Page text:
Ghost Ships of Royston

Scattered along British Columbia’s inside coastal waters lay several collections of broken and rusted ships’ hulls. Many of these vessels had distinguished careers as warships, steam tugs, and Cape Horn windjammers.  In a way, it is sad to look out over their broken remains and see them all so rotted away. Yet it is some consolation that they still serve a useful role as monuments to our West Coast’s rich maritime heritage. So how did they end up abandoned and left to be forgotten from as far back as the 1930s?

Here along the BC coast, timber harvesting companies usually dumped their logs into saltwater to be sorted and bundled into booms for towing off to sawmills or pulp and paper mills. Normally the companies chose protected coves or inlets for their log dumps but, on occasion, they were forced to operate in areas exposed to foul weather and strong winds. Logging outfits working out of Kelsey Bay and Royston along the inside waters of Vancouver Island, as well as Powell River over on the B.C. mainland, all used the stripped hulls of retired ships for protective breakwaters.

At Royston, located across the bay from the town of Comox, lies one of the most varied and unusual of these sites. It includes craft from the vanished days of commercial sail: a five-masted barkentine, a five-masted auxiliary schooner, along with three Cape Horn windjammers.  Amongst its collection of steam and motor ships are four Royal Canadian Navy warships that saw service in the 2nd World War, two whalers, two Canadian Pacific Railway tugs, along with a deep-sea rescue tug and destroyer of the United States Navy that served in World War I. Together, these hulks represent a fascinating cross-section of West Coast maritime history.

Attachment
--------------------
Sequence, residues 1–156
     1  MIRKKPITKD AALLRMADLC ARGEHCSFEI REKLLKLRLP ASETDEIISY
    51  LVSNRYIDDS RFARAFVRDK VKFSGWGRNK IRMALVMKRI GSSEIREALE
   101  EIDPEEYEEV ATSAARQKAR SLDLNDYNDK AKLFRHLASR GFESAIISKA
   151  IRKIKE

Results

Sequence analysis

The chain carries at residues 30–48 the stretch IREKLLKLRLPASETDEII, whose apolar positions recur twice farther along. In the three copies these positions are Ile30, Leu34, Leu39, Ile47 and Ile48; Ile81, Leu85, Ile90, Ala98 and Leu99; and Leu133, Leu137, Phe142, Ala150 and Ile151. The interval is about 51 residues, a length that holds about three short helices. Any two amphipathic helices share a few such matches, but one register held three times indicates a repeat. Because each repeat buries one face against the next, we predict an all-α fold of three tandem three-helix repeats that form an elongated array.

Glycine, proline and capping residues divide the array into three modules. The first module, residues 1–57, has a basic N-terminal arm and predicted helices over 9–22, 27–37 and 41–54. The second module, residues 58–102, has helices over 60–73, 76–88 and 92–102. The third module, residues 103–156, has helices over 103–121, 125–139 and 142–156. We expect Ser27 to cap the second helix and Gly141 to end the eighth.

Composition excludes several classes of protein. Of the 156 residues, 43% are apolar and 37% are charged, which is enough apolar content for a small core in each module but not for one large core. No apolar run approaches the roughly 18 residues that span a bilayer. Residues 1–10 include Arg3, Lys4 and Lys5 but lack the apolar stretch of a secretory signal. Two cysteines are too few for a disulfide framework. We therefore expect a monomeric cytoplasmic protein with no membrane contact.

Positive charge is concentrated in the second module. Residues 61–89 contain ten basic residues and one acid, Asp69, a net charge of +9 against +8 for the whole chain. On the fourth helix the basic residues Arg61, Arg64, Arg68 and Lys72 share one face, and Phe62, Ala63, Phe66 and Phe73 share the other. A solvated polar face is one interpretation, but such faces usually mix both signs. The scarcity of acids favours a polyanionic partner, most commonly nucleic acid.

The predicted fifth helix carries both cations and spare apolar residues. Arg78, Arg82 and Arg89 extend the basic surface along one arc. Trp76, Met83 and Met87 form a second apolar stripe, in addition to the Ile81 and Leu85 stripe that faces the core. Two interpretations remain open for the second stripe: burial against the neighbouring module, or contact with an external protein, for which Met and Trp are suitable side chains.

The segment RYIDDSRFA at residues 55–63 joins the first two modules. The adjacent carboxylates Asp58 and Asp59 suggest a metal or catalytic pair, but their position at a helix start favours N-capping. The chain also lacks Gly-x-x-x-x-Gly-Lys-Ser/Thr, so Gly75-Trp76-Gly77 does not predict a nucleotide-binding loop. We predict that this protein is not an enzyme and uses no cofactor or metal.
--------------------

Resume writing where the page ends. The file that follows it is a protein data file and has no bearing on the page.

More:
The Ghost Ships of RoystonIn 2004, the Underwater Archaeological Society of British Columbia published a comprehensive historical report on the graveyard titled The Ghost Ships of Royston in recognition of the significance of the site irregardless that all the vessels were actually beached hulks. Then in March 2011, a team from the UASBC and the U.S. based Institute of Nautical Archaeology conducted a series of exploratory dives and surveyed and mapped the graveyard’s remains.

Soon afterwards, the “Royston Wrecks” were assigned protection under the British Columbia Heritage Conservation Act thereby declaring it to be a registered archaeological site.  This makes it illegal for scavengers to take any souvenirs from the ships, while at the same time ensures that the hulks maintain their integrity as best as possible, which will allow further research and, more importantly, to continue on as an old ship graveyard to be admired by the public.

To order a copy of Ghost Ships of Royston, as well as other Underwater Archaeological Society of B.C. publications, visit their website. Also, another book of interest is Hulks: The Breakwater Ships of Powell River which documents the histories of the 19 ships that were used to form a floating breakwater to protect Powell River’s big pulp and paper mill’s log pond. This thoroughly researched publication, written by John Campbell a third generation Powell Riverite, can be ordered through Amazon.

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